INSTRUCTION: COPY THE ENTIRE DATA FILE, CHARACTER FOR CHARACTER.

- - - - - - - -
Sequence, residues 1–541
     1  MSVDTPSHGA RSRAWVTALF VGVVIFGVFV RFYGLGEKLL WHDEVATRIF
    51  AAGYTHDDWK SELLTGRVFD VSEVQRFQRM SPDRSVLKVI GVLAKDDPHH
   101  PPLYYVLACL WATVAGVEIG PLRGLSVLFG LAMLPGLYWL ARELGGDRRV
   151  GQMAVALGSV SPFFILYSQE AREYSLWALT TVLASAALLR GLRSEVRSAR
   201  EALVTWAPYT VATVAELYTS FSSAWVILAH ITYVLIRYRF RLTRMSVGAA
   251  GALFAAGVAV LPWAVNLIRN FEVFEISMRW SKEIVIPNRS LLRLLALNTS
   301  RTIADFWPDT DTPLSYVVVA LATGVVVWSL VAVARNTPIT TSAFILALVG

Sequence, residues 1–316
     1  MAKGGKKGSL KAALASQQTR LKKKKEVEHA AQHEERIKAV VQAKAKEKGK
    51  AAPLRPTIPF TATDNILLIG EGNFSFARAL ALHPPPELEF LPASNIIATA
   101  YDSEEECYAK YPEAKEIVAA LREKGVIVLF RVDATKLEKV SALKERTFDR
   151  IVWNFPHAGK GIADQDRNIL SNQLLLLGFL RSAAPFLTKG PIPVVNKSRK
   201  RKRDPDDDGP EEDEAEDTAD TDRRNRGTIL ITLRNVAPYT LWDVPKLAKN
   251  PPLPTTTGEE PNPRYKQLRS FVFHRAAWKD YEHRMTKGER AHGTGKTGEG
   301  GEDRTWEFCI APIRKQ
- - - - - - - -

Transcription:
Sequence, residues 1–541
     1  MSVDTPSHGA RSRAWVTALF VGVVIFGVFV RFYGLGEKLL WHDEVATRIF
    51  AAGYTHDDWK SELLTGRVFD VSEVQRFQRM SPDRSVLKVI GVLAKDDPHH
   101  PPLYYVLACL WATVAGVEIG PLRGLSVLFG LAMLPGLYWL ARELGGDRRV
   151  GQMAVALGSV SPFFILYSQE AREYSLWALT TVLASAALLR GLRSEVRSAR
   201  EALVTWAPYT VATVAELYTS FSSAWVILAH ITYVLIRYRF RLTRMSVGAA
   251  GALFAAGVAV LPWAVNLIRN FEVFEISMRW SKEIVIPNRS LLRLLALNTS
   301  RTIADFWPDT DTPLSYVVVA LATGVVVWSL VAVARNTPIT TSAFILALVG

Sequence, residues 1–316
     1  MAKGGKKGSL KAALASQQTR LKKKKEVEHA AQHEERIKAV VQAKAKEKGK
    51  AAPLRPTIPF TATDNILLIG EGNFSFARAL ALHPPPELEF LPASNIIATA
   101  YDSEEECYAK YPEAKEIVAA LREKGVIVLF RVDATKLEKV SALKERTFDR
   151  IVWNFPHAGK GIADQDRNIL SNQLLLLGFL RSAAPFLTKG PIPVVNKSRK
   201  RKRDPDDDGP EEDEAEDTAD TDRRNRGTIL ITLRNVAPYT LWDVPKLAKN
   251  PPLPTTTGEE PNPRYKQLRS FVFHRAAWKD YEHRMTKGER AHGTGKTGEG
   301  GEDRTWEFCI APIRKQ